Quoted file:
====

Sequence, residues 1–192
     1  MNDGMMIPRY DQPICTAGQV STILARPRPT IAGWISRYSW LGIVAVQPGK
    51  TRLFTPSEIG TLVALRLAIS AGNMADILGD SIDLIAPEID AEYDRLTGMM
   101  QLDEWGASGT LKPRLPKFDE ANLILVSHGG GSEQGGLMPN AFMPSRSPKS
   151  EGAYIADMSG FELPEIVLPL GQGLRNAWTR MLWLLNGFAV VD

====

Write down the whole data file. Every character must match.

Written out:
Sequence, residues 1–192
     1  MNDGMMIPRY DQPICTAGQV STILARPRPT IAGWISRYSW LGIVAVQPGK
    51  TRLFTPSEIG TLVALRLAIS AGNMADILGD SIDLIAPEID AEYDRLTGMM
   101  QLDEWGASGT LKPRLPKFDE ANLILVSHGG GSEQGGLMPN AFMPSRSPKS
   151  EGAYIADMSG FELPEIVLPL GQGLRNAWTR MLWLLNGFAV VD